William Shatner: "Logic of Imagination" Propels Scientific Discovery
Scientific discovery is more complex than simply observing the physical world. How we observe and how we draw conclusions is driven by the human imagination, says Mr. Shatner.
William Shatner is perhaps best known for his roles on Boston Legal and Star Trek, and is one of the most recognizable stars working today. His distinctive voice and cadence have been the subject of many imitations, spoofs, and parodies—all contributing to his status as a pop icon and endearing him to his fans. In addition to being an Emmy Award-winning actor, he has also written numerous books, directed several projects, and even recorded a few albums.
Shatner started his career as a child performer in radio programs for the Canadian Broadcasting Corporation. As a student at McGill University, he continued to pursue acting. Shatner spent his summers performing with the Royal Mount Theater Company. He graduated from the university in 1952 and joined the National Repertory Theater of Ottawa. Working with Sir Tyrone Guthrie, Shatner also appeared in productions at the Stratford Shakespeare Festival in Ontario.
As Captain James T. Kirk on Star Trek, he commanded the U.S.S. Enterprise, a starship traveling through space in the twenty-third century. Kirk encountered all sorts of unusual aliens and challenging situations during his journeys. Accompanying him on these adventures was his loyal crew, which included first officer Mr. Spock (Leonard Nimoy) and medical officer Dr. Leonard "Bones" McCoy (DeForest Kelley). The science fiction series created by Gene Roddenberry premiered on September 8, 1966, and lasted for three seasons.
In addition to acting, Shatner has experienced great success as an author. During the writers' strike of 1987, he transformed a screenplay idea into a novel. The result was TekWar (1989), a work of science fiction featuring a middle-aged private detective working in the twenty-second century. More Tek titles followed and were later adapted for television. More recently, Shatner has worked with Judith and Garfield Reeves-Stevens to create a series of Star Trek novels.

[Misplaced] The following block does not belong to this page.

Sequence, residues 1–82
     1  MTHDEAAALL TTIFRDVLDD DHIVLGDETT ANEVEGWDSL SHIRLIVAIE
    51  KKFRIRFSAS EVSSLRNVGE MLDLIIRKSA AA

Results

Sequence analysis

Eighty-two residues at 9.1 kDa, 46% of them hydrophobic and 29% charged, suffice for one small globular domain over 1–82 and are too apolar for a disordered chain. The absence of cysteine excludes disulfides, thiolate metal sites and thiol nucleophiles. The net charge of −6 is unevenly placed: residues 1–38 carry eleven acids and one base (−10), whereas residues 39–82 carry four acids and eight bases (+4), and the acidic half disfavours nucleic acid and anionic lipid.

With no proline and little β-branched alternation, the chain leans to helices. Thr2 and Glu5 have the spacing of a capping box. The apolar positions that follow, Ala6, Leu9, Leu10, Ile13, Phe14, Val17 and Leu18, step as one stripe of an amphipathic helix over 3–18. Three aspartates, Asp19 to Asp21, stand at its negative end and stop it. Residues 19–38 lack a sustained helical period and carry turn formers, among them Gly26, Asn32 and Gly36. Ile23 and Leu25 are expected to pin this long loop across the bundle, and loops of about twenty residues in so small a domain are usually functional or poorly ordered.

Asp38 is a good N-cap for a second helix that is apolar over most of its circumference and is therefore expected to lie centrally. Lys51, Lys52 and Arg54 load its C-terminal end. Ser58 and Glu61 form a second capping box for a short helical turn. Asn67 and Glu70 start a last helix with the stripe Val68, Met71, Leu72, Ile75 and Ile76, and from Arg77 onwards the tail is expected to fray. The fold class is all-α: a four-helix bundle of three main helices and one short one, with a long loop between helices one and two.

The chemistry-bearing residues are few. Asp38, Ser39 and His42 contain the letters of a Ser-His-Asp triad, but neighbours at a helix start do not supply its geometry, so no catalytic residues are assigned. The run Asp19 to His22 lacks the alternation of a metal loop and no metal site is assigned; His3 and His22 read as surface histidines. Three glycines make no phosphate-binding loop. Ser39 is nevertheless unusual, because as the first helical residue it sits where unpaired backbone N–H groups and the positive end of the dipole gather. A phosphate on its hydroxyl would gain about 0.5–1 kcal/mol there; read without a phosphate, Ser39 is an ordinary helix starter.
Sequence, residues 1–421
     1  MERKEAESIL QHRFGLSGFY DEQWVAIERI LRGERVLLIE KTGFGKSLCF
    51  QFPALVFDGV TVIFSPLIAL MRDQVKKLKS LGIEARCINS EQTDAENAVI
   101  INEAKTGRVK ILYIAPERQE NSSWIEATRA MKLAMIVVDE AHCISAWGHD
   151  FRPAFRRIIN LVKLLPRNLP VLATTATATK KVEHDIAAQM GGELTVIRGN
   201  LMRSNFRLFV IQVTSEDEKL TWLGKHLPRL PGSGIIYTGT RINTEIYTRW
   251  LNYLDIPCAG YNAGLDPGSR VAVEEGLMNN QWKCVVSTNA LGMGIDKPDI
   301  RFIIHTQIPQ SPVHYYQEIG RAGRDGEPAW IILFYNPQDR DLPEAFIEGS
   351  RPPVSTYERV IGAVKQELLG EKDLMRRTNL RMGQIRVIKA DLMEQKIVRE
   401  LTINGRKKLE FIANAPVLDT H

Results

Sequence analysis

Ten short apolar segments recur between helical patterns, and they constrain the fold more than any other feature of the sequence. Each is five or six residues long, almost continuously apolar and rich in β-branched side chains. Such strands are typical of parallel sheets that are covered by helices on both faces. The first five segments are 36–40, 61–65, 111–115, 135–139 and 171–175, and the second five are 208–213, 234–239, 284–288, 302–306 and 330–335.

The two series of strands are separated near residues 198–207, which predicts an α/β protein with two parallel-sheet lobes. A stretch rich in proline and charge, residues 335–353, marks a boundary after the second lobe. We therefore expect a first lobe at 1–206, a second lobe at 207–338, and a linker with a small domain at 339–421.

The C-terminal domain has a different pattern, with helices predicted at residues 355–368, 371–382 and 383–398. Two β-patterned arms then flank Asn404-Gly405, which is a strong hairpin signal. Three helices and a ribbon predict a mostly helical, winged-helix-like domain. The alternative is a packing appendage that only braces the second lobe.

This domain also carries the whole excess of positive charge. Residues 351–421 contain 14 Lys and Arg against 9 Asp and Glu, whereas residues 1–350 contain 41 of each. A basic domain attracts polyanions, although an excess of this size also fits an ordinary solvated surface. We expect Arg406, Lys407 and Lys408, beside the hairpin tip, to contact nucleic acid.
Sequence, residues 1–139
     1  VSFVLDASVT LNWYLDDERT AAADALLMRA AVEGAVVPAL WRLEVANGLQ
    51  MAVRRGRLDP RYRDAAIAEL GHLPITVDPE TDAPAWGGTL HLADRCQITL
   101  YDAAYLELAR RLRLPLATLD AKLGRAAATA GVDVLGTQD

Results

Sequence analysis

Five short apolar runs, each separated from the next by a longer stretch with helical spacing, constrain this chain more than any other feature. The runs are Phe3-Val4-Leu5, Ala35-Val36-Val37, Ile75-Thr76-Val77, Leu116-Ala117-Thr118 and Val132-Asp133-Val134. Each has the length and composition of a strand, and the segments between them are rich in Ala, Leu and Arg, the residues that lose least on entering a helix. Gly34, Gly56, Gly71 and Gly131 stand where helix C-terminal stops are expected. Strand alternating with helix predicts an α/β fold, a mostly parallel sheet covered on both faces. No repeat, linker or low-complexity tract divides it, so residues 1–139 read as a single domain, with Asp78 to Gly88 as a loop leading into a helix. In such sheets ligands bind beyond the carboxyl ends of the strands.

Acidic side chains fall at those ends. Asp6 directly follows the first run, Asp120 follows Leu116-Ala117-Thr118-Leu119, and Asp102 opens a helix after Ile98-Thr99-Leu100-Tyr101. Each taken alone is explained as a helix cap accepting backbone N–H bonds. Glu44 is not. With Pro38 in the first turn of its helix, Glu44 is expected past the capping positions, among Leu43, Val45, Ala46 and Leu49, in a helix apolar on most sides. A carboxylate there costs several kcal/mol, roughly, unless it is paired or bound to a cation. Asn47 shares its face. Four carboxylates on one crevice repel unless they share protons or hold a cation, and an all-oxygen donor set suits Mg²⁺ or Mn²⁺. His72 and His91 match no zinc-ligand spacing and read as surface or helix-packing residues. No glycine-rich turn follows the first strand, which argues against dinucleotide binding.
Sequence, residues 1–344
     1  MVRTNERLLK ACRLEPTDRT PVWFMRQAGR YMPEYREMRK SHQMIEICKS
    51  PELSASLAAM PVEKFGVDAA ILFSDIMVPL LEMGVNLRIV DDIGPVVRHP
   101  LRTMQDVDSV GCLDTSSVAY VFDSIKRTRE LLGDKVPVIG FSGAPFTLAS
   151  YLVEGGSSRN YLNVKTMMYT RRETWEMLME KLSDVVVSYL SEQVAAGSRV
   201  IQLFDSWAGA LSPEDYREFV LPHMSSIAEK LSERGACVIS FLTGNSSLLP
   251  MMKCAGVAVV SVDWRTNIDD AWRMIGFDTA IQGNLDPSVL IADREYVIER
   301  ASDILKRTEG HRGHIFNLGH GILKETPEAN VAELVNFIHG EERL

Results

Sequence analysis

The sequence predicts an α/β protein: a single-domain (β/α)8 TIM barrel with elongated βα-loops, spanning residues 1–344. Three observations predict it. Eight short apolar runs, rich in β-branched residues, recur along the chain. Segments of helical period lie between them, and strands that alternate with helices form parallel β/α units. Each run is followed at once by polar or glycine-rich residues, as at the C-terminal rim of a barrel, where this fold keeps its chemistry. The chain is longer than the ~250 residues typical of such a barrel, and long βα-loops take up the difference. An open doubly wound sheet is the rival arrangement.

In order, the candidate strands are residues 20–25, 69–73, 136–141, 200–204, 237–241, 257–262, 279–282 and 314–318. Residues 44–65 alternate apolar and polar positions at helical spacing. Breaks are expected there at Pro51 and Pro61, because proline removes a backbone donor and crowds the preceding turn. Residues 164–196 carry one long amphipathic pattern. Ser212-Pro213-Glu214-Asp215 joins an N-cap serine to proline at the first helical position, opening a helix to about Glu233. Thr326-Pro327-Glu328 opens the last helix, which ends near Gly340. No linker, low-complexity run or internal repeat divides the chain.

Also a veteran of nonfiction, Shatner co-authored Star Trek Memories (1993) and Star Trek Movie Memories (1994) with Chris Kreski. He and Kreski also worked together on Get a Life! (1999), a look at the whole Star Trek fan phenomenon and Up Till Now: The Autobiography (2008) with David Fisher. His most recent work is Leonard: My Fifty-Year Relationship with a Remarkable Man.
William Shatner: The mystery that surrounds us is so profound, 90 to 98 percent, that eight percent differs from the thing you read to the thing you read is dark energy or dark matter. We don't know what it is. We don't know what 98 percent of the universe is. And this wonderful man Einstein, this wonderful man who imagined these scientific theories, much like the Greeks who said all right, If you cut something in half you've got a half. And then you cut that half and you keep going down the line you must come to the end and they said we'll call it an atom. And that's how they made their scientific discoveries through the logic of imagination. Whereas we have tools to dimly, dimly see into the physical nature, dimly see a law yeah, that seems to be a law. Wait a minute, there's something here that counteracts that law. So just like our diets, the pyramid, carbohydrates, a little bit of meat, one day is 180 degrees reversed. No, no, no, what we meant was protein and a little bit of carbohydrates; exactly 180 degrees different in your diet. That's what's happening in science all the time. There's a wonderful line, scientists spread rumors.
We know everything is unified. We know. If we use our imagination like the Greeks, we look around us and we say the whole world is unified electrically, atoms, matter, there's got to be an operating - the thing has to be managed in some way. It's there. Everything follows a logic. We have these little instruments that will peer into the universe. We're seeing a spec. We're seeing a dust mote. Wouldn't the theory of everything maybe you discover that as you die, maybe as you die you go there is the theory of everything. Boom. And you're dead.
Scientific discovery is more complex than simply observing the physical world. How we observe and how we draw conclusions is driven by the human imagination, says Mr. Shatner. The dramatic change in certain scientific conclusions provides evidence, from governmental dietary guidelines to the persistent mysteries posed by fundamental physics. That 98 percent of the universe remains shrouded in mystery — scientists call it dark matter — is proof enough that our universe is more profound than our minds. Or perhaps our minds are more profound than we tend to realize. Shatner's newest book is Leonard: My Fifty-Year Relationship with a Remarkable Man.
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